Open Access Original Research Article

Production of Bioethanol from Sugarcane Bagasse Using Saccharomyces Cerevisiae

Mustapha Gani, Nafi’u Abdulkadir, Sumayya B. Usman, Hauwa’u M. Maiturare, Stephanie Gabriel

Biotechnology Journal International, Page 1-8
DOI: 10.9734/BJI/2018/43072

Ethanol is an alternative fuel derived from renewable biological resources. It's a good substitute for gasoline in spark ignition engines. In this study, the sugar cane bagasse was chemically pretreated with 1% NaOH at room temperature for 2 hours. Dilute acid H2SO4 and Aspergillus niger was used to hydrolyse the biomass to sucrose. Fermentation of the hydrolysed sample was done using Saccharomyces cerevisiae. The fermented product was purified by distillation process at 78oC, and the fraction was collected, and the ethanol was determined by measuring the specific gravity. The production of ethanol from sugar cane bagasse with Saccharomyces cerevisiae was determined after the inoculation into sample A1, A2 and B1 and B2 and highest ethanol produced were from B1 with 0.090 followed B2 0.074, A2 with 0.069% and D 0.116. The use of Saccharomyces cerevisiae gives a better yield. The result of this study can be of a better application in the large production of biofuel from sugar cane bagasse which is renewable and highly abundant, it is saving costs by recycling of wastes, and it also helps to alleviate environmental problem such as an excessive release of greenhouse gases from combustion of non-renewable fossil fuel. From the chromatograph, when the peaks spectrum wave analysed by mass spectrometer of the three volatile organic compounds, two were common to both samples, A contains the abundance of Acetic acid 22.37%, Ethyl alcohol 13.55% isobutene 64.08%. While that of Sample B contains the abundance Acetic acid 17.43%, Ethyl alcohol 7.12% and Propane 75.4.according to Pasteur this is due to Microbial oxidation of ethanol to acetic acid that decreases metabolic toxicity to the yeast cells. This study has proven the efficiency of Saccharomyces cerevisiae for the production of bioethanol.  

Open Access Original Research Article

Effects of Sun and Oven Drying Techniques on Quality of Oil Produced from Chlorella vulgaris (Microalgae) Biomass

I. A. Yerima, J. Appah, H. Danlami, M. B. Yerima, F. L. Canada

Biotechnology Journal International, Page 1-11
DOI: 10.9734/BJI/2018/44261

This study involved the molecular identification of Chlorella vulgaris microalgae obtained from Kaduna State University Fish Pond for biodiesel production potential. The DNA of Chlorella microalgae was extracted and subjected to PCR. The molecular weight of the PCR product obtained was 1.8kb using 18S rDNA primer sets and BLAST analyses revealed 95% identity with Chlorella vulgaris. The Chlorella vulgaris was cultured in open aquaria tanks at the Department of Biological Sciences, Nigerian Defence Academy. The biomass harvested was subjected to varying timings of sun and oven drying techniques (25-35ºC for 72hours and 60ºC for 12hours respectively) before extraction of oil from the biomass using solvent extraction method. The values for the density (0.854 and 0.867 cm3), specific gravity (0.875 and 0.876), acid value (0.414 and 0.384 mgKOH/g), saponification value (173.3 and 170.1 mgKOH/g), kinematic viscosity (5.200 and 3.870 mm2/g at 40ºC), flash point (114 and 115ºC) and cetane number (54.00 and 47.70) for the sun and oven dried biomass oil respectively were found to be in accordance with the ASTM standard values for biodiesel and fossil diesel. GC-MS analyses of the oil extracted using the two drying methods showed that the fatty acid profiling of the oil obtained from sun dried processed biomass had C14:0, C15:0, C16:0, C18:0, C18:1 cis9 and C22:1ω9 while the oven dried biomass oil had C14:0, C16:0, C19:0, C11:1, C18:1 cis9 and C22:1ω9. Drying methods, therefore, had influenced on the composition of saturated and unsaturated fatty acids. The oven dried biomass oil possesses high monounsaturated fatty acids when compared to sun dried biomass oil though the most important fatty acids (C14:0, C16:0 and C18:1) found in standard biodiesel were present in both. The results suggested that Chlorella vulgaris microalgae can be sustainably harvested for the production of biodiesel, both drying techniques can be employed for effective extraction but oven dried biomass oil was found to be of high quality because of the balanced in saturated and unsaturated fatty acid compositions and have an easy mode of operation but it required instrumentation.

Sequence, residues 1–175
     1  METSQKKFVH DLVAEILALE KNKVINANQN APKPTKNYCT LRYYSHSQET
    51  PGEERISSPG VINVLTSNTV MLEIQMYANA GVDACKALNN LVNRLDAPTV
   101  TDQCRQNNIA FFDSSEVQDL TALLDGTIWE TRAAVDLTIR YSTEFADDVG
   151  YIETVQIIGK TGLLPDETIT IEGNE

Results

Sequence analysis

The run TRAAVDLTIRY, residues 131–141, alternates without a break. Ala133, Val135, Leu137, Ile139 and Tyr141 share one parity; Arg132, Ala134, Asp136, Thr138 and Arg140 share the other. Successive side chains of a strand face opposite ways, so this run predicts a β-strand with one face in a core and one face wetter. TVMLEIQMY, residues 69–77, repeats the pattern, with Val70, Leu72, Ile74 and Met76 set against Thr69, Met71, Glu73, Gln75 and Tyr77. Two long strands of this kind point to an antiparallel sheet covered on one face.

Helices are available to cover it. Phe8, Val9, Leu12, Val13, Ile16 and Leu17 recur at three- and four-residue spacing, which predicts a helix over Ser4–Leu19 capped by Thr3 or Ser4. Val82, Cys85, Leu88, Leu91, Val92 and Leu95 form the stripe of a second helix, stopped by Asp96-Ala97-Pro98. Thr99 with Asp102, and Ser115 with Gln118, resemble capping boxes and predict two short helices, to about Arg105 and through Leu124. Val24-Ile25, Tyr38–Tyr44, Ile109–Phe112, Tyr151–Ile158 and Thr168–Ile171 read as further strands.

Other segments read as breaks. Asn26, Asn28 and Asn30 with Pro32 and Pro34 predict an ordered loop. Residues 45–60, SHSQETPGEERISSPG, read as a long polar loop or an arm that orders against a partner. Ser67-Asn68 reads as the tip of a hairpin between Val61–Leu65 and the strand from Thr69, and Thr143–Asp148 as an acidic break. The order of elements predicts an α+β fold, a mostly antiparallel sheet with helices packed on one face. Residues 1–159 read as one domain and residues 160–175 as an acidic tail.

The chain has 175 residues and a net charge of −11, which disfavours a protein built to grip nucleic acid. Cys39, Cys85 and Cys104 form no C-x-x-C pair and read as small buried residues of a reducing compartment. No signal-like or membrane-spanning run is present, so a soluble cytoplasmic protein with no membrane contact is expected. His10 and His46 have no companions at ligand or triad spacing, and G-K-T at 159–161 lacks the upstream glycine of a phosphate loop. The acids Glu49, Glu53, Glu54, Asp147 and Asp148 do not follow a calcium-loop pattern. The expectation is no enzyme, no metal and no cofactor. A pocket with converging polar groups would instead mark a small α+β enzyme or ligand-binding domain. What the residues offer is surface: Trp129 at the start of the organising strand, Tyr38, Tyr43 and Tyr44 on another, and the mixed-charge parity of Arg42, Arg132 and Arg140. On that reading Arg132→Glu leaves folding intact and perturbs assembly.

Open Access Original Research Article

Fruit Peel from Astrocaryum aculeatum G. Mey. AS Substrate for Lipases Production by Aspergillus niger A2B1

Nayara Fátima Lazameth Diniz, Rossicléa Gonzaga da Silva, Luciana Aires Oliveira, Waldireny Rocha Caldas, Érica Simplício de Souza, Roberto Figlioulo, Juliana Gomes de Souza Oliveira, João Vicente Braga de Souza

Biotechnology Journal International, Page 1-8
DOI: 10.9734/BJI/2018/44478